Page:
A majority of retail users surveyed indicated they are comfortable with their routine and satisfied with the service. They said they had little reason to consider options. But satisfaction with their current choice was not the sole obstacle to trying mail. Retail users in our focus groups revealed a range of concerns about trying mail service pharmacy, many of which were tied to lack of awareness and/or misunderstanding.
- Uncertainty about costs: Some beneficiaries were unaware that they may be able to save money on prescriptions by using mail service pharmacy.
- Lack of information: Retail users wanted to know how mail service pharmacy “works,” what they have to do to get started, and how they could be sure they wouldn’t run out of medication before receiving a refill.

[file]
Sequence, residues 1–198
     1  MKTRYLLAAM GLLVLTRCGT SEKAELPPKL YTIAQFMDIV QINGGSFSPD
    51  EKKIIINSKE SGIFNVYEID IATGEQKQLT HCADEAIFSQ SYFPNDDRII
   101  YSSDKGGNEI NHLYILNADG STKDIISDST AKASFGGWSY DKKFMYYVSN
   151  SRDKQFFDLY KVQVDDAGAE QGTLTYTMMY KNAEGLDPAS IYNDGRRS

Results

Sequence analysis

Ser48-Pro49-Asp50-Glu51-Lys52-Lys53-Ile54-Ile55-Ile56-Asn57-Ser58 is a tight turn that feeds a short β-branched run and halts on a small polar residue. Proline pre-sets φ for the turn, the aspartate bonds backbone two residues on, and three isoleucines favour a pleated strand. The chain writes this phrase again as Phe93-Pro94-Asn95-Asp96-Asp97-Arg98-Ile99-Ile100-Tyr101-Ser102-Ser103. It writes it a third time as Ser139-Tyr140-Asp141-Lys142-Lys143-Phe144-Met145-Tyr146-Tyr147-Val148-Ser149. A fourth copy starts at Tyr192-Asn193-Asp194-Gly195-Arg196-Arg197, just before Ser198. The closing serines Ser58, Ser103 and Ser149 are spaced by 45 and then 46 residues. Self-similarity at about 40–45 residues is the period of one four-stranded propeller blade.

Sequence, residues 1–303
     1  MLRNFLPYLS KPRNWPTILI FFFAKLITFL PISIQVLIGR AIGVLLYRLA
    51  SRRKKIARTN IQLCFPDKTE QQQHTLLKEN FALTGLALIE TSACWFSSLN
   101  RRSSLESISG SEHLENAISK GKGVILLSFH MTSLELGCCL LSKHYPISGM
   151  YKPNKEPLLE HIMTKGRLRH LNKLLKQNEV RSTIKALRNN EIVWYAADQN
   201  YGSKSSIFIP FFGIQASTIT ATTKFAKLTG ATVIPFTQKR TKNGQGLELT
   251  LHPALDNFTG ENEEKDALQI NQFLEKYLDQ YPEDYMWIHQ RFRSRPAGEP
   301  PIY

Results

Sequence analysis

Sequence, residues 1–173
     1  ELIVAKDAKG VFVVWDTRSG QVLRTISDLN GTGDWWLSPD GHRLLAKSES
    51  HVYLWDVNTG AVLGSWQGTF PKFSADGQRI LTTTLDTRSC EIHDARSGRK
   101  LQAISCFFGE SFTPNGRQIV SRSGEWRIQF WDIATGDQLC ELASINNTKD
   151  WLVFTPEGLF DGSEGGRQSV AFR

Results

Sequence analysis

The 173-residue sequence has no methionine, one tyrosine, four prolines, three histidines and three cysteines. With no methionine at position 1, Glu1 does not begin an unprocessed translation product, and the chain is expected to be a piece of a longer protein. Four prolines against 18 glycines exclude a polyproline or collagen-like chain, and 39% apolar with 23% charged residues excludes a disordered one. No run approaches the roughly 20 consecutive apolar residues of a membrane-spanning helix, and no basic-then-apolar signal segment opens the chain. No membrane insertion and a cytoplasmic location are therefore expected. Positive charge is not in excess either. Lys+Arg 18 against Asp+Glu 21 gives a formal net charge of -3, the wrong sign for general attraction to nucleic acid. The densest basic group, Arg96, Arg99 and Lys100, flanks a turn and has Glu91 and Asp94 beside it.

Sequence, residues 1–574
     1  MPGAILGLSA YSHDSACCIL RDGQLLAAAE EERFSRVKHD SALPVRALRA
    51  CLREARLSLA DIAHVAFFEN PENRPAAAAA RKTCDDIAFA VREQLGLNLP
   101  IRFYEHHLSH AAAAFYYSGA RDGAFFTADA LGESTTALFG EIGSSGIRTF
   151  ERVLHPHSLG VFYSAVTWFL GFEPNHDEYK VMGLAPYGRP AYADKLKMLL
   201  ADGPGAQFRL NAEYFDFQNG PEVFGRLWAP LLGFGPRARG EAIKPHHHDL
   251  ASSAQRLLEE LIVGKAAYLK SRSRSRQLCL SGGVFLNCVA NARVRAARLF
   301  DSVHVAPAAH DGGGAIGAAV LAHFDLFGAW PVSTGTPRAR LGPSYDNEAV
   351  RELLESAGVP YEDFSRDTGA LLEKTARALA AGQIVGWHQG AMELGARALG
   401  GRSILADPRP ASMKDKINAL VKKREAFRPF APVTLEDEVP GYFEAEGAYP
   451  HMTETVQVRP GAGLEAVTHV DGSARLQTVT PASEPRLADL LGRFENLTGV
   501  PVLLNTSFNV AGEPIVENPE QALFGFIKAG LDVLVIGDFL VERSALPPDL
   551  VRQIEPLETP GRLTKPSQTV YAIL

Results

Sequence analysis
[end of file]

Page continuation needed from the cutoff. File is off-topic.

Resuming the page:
- Concerns about security and safety: Some expressed concern that their prescriptions would be stolen or not delivered on time. Others were concerned about privacy.
- Questions about drug quality and efficacy: Some participants had doubts whether drugs from the mail service pharmacy would be the same as those from their retail pharmacy. Others were concerned that their medications could be negatively affected by extreme weather conditions.
- Issues about loss of control: Retail users thought of “in person” fills as giving them greater control. For some, even using auto refill with the retail pharmacy represented some loss of control.
- Value of personal relationships: Predictably, beneficiaries filling their prescriptions at retail pharmacies often valued the personal interaction with pharmacy staff and correlated that with better customer service.